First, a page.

For example, if your gross income is $4,000 per month and you have one child, your base support amount is 18 percent of $4,000 or $720 per month. If you have four children, your base support amount is 31 percent of $4,000 or $1,240 per month. But this amount isn’t necessarily your child support payment.
Step 3: Decide If a Presumptive Maximum Applies
Once you calculate your base child support amount, you must determine if a presumptive maximum amount applies. For each income range, there’s an amount that represents the top amount that the paying parent has to pay, per child, under Nevada law. If the presumptive maximum amount is lower than the percentage amount, it’s the presumptive maximum amount that the parent should pay, per child, in the case. Here are the presumptive maximum amounts in Nevada child support cases:
|INCOME RANGE:||MAXIMUM AMOUNT PER CHILD|
|$0 – $4,168||$500|
|$4,168 – 6,251||$550|
|$6,251 – 8,334||$600|
|$8,334 – 10,418||$650|
|$10,418 – 12,501||$700|
|$12,501 – 14,583||$750|
Remember that the statutory maximums are per child. If you have two children and your income is $4,000 per month, your statutory maximum is $1,000 per month, not $500. In the case of the parent with an income of $4,000 per month and one child, the presumptive maximums work to lower the parent’s support payment from a base support amount of $720 per month to the presumptive statutory maximum of $500 per month.
Presumptive maximums are adjusted each year. You can find the most current presumptive maximum child support amounts here.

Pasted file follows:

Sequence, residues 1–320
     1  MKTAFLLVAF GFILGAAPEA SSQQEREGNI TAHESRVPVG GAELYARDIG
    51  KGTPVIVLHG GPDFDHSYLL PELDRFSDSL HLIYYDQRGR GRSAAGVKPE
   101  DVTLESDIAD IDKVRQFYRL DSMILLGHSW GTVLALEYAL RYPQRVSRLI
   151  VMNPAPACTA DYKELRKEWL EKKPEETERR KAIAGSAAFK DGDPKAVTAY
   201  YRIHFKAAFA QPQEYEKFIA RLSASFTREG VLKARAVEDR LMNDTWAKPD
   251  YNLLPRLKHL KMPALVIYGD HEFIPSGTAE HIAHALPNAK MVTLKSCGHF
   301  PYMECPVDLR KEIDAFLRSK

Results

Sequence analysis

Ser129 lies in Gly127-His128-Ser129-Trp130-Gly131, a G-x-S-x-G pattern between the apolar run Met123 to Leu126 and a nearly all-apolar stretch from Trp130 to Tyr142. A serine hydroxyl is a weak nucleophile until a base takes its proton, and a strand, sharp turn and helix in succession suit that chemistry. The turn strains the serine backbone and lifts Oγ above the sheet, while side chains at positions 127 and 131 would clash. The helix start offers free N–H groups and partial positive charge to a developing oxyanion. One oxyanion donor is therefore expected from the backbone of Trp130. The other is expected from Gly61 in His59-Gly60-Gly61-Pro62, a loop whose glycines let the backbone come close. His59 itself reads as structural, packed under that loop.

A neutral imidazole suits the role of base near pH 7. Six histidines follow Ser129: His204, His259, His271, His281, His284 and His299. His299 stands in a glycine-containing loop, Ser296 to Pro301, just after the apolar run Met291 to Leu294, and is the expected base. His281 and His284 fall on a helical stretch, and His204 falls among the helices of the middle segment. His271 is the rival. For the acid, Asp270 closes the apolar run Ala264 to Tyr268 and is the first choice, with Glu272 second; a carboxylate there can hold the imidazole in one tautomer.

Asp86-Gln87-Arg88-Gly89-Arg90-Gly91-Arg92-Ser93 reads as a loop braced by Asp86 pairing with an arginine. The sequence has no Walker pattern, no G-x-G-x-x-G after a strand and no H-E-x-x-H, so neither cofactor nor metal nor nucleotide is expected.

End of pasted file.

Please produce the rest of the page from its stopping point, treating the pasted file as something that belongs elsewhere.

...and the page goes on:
Special Considerations for Joint Custody Payments
When parents have joint custody, you perform a child support calculation for each parent. Then, you subtract the higher support payment from the lower support payment. The parent with the higher support payment pays the difference to the other parent. For example, if one parent’s support calculation is $800 per month and the other parent’s payment is $500, the first parent pays the difference, or $300, to the second parent.
Does the Court Have to Follow the Mathematical Formula for a Nevada Child Support Calculation?
There may be some circumstances where the child support formula alone doesn’t produce a child support amount that’s fair under all of the circumstances. An example might be where a child has extraordinary medical needs, or a parent has a legal obligation to provide financial support for other children.
The amount produced by the child support formula is presumed to be the amount that’s correct to meet the needs of the children, but the court can order a different amount if they think it’s important for the children and fair to the parents. If you want the court to order an amount that’s different than the formula recommends, you must ask the court for a deviation from the formula. You must present the evidence that shows why the deviation is fair based on all of the circumstances.
Let Our Nevada Child Support Attorneys Help You
Do you have a question about Nevada child support? Our legal team can help. We can help you understand the Nevada child support formula, and we can help you arrive at a child support amount that’s fair in your case. Call us today to speak with our family law attorneys.